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NFL lockout causes cracks in fan loyalty

NFL lockout turns off fans: NFL fans are beginning to lose their patience and tune out as the NFL lockout continues.

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"If it dragged on or there was a shorter camp, something like that might not be inconceivable," Colts owner Jim Irsay said. The Colts training camp is held about an hour from Indianapolis at Anderson University.

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One day after canceling the rookie symposium scheduled for June 26 in Canton, Ohio — the first NFL event victimized by the lockout — Goodell reiterated the league's intent to play a full schedule this season. He recognized the need not only for some sort of training camps but also for a free agency signing period once a new CBA is reached.

"The uncertainty is something we have to consider in getting players ready to play, and we have talked about different concepts," he said.

One of those concepts would be expanding rosters to help teams keep rookies who might not have a chance to prove their value in training camp or the preseason.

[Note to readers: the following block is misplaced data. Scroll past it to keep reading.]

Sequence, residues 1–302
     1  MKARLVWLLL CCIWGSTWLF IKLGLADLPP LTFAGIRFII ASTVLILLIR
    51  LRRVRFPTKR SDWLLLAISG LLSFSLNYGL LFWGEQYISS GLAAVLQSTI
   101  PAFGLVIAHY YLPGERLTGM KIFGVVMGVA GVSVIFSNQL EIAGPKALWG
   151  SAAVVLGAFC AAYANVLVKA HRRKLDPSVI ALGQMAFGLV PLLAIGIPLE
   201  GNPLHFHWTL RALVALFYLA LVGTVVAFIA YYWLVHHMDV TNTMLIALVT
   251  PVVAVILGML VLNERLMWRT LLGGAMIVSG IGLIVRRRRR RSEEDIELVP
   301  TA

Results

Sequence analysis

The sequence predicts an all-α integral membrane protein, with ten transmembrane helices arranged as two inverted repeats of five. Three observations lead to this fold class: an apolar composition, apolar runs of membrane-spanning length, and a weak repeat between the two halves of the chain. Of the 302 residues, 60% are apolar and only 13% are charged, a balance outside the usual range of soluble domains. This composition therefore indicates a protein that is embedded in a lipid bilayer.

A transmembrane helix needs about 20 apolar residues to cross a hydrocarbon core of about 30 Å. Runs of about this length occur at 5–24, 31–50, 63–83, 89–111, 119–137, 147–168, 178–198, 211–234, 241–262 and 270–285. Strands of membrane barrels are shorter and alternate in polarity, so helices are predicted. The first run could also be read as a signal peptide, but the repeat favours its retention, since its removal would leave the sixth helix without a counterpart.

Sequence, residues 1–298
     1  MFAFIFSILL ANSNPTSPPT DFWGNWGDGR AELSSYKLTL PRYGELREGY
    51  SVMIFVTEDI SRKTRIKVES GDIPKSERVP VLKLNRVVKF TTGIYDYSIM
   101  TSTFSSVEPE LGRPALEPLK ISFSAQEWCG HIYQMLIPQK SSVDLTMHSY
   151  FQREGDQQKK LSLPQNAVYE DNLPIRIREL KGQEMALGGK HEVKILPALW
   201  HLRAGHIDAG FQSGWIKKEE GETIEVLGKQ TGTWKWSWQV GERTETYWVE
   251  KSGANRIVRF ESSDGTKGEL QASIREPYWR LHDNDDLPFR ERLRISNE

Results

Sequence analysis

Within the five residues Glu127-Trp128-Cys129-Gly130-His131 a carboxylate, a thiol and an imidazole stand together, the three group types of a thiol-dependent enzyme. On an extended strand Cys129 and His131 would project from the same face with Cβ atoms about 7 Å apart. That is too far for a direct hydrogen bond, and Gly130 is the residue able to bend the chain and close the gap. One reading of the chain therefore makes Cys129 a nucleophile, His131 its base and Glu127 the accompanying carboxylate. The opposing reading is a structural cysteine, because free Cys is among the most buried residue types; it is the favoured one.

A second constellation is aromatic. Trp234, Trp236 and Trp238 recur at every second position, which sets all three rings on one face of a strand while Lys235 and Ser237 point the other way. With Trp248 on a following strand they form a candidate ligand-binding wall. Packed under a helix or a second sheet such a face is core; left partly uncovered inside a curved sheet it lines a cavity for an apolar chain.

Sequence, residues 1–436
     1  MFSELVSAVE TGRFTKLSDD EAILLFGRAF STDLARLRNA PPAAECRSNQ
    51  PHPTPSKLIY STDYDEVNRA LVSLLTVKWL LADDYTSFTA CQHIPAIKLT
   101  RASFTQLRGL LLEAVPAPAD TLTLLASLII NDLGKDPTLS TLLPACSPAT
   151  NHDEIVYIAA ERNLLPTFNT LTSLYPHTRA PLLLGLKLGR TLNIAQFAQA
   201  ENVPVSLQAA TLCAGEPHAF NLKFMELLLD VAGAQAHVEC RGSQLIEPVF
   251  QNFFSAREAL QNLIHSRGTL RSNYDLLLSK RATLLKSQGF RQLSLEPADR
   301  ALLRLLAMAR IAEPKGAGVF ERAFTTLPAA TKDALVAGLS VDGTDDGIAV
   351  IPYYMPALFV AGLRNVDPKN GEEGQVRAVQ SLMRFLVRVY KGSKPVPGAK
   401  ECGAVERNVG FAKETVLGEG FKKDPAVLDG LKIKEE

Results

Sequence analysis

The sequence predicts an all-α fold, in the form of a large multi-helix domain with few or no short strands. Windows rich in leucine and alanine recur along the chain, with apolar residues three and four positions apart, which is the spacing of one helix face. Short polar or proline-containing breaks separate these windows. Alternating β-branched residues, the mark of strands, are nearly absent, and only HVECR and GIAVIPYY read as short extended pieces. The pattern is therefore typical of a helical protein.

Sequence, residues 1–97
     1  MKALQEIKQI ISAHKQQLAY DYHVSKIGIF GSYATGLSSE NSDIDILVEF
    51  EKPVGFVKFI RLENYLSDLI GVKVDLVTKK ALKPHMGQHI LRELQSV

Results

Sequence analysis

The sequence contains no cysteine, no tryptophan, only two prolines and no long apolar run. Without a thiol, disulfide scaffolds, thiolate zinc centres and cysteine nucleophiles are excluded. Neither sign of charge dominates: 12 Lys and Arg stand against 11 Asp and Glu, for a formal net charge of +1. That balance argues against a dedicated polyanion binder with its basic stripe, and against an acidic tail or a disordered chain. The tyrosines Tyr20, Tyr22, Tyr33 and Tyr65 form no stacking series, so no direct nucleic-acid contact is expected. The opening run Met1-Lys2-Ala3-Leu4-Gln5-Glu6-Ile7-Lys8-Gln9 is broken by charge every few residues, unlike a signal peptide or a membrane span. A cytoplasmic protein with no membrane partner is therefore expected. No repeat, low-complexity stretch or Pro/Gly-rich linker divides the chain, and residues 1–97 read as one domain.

A portion of these meetings was spent on adopting rules amendments for player safety. The league also announced a policy of "club accountability" for teams whose players repeatedly are fined for flagrant hits.

Punishments for the teams will be financial, but also could include further discipline by Goodell, including stripping of draft picks, for repeat offenders — something Goodell said he has "not contemplated yet."

That announcement brought a strong reaction from two Pittsburgh Steelers linebackers: LaMarr Woodley and the oft-fined James Harrison.

"Man, they're getting ridiculous," Woodley told SiriusXM NFL Radio. "Football is turning soft now. Too many fines. Too many penalties protecting the quarterback every single play. Defensive guys can't be defensive guys no more."

Harrison tweeted: "I'm absolutely sure now after this last rule change that the people making the rules at the NFL are idiots."

Local reporters, concerned about next February's Super Bowl at Lucas Oil Stadium, asked several owners and Goodell whether the title game is in danger.

"You're going to have the Super Bowl here, I'm confident of that," Giants owner John Mara said.

"We're approaching 2011," Goodell added, "as we would any other season."

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AP Sports Writer Michael Marot in Indianapolis contributed to this story.

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